Medtronic has received Shonin approval from the Japanese Ministry of Health, Labour and Welfare (MHLW) for its Valiant Navion thoracic endovascular aortic repair (TEVAR) system. Consequently, the company has launched the system in Japan for minimally invasive repair of thoracic descending aortic aneurysms and complicated type B aortic dissections. According to a press release, the approval marks the third major geographical launch of the Valiant Navion following FDA and CE mark approvals of the system in late 2018.
The press release reports that the low-profile Valiant Navion system is built to further improve upon the performance of the Valiant Captivia TEVAR system, which has been used to treat more than 100,000 patients globally. With the Valiant Navion system, the press release reports, physicians now have two graft options for the management of challenging thoracic aorta pathologies—including fragile aortas. The system features the CoveredSeal (proximal covered) and FreeFlo (proximal bare metal) stent configurations, both with tip capture accuracy.
Hideyuki Shimizu (Keio University of Medicine, Tokyo, Japan), who was on the team of physicians who treated the first patients in Japan to undergo a procedure with the Valiant Navion system, says: “In Japan, patients experience greater aortic fragility in acute dissection compared to North America and Europe. In my experience, Valiant Navion’s 18F profile allows physicians to treat smaller and more torturous anatomy while managing patient populations with increased inflammatory states, risks of hypertension, and aortic wall stress—all attributes and conditions that are particularly relevant to the Japanese patient population. This device allows Japanese physicians to more precisely treat a variety of patient anatomies and pathologies with narrow vessel access.”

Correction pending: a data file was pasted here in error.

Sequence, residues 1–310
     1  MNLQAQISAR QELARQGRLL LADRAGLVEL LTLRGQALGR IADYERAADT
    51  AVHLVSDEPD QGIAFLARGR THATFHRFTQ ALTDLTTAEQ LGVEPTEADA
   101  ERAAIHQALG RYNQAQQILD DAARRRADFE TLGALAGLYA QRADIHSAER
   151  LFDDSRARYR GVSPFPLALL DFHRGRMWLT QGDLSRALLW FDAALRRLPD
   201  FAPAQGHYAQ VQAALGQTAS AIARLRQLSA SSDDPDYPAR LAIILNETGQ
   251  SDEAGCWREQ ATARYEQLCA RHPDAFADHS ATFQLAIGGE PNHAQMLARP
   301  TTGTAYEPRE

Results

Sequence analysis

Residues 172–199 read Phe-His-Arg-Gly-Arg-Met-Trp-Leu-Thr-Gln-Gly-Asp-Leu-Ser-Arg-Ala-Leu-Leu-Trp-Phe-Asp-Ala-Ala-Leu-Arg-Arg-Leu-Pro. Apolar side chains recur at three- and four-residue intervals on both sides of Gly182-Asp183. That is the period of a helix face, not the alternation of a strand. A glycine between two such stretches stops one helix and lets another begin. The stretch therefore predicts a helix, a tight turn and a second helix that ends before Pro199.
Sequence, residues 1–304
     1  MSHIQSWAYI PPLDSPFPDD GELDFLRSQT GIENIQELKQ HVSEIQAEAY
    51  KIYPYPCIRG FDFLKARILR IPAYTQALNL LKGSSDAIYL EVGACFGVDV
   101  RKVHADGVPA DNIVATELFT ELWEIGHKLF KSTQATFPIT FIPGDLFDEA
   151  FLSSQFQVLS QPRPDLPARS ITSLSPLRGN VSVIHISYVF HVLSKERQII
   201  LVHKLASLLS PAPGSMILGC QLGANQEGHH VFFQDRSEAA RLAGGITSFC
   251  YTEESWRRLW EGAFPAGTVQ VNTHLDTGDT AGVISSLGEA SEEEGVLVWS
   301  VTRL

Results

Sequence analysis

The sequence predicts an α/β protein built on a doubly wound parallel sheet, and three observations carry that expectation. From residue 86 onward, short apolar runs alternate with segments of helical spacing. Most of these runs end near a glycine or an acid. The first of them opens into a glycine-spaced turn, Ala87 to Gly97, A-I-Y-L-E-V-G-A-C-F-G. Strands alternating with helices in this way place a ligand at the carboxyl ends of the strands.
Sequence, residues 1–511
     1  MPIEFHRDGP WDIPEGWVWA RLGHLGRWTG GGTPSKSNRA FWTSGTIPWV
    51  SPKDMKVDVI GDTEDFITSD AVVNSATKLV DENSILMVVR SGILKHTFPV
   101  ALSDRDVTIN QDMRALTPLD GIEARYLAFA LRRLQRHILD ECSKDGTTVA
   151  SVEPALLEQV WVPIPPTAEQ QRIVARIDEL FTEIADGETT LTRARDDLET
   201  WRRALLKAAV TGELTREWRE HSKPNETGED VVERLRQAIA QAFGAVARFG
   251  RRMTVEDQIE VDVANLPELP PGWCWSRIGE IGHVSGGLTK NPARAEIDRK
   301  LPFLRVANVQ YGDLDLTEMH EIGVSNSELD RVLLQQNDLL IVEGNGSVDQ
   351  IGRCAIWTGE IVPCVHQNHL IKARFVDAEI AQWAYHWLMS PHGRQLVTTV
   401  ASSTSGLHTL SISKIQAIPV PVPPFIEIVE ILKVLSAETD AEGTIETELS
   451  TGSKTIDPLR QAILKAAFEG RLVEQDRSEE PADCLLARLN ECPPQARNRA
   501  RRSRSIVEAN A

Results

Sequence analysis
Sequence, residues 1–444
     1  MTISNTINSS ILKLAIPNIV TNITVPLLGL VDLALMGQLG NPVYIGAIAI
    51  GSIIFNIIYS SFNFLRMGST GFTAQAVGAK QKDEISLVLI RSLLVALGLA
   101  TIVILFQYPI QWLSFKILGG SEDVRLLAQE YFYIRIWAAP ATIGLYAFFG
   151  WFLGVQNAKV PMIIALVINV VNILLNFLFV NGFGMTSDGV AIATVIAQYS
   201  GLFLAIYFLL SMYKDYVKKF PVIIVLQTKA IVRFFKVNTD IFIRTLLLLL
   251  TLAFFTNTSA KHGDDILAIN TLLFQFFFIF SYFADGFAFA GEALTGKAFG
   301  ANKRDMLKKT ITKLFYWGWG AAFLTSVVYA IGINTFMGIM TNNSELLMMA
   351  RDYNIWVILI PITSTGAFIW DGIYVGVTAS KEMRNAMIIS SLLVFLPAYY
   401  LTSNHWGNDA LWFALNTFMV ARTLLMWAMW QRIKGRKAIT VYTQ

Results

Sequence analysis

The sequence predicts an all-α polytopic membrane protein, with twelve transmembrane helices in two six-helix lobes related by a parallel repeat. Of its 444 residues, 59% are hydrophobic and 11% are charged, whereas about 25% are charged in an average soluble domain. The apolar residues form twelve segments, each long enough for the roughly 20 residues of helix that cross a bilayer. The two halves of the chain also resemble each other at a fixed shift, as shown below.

John Farquhar, vice president and general manager of the Aortic business, which is part of the Cardiac and Vascular Group at Medtronic, states: “In just one year, the Valiant Navion system has achieved significant impact in expanding minimally invasive treatment options to patients globally. TEVAR is not one size fits all. By designing a device with a global patient population in mind, we have ultimately broadened patient applicability and allowed for more patients to receive endovascular repair. The success of Valiant Navion is indicative of our drive and commitment to go further, together and deliver the best outcomes to the most patients.”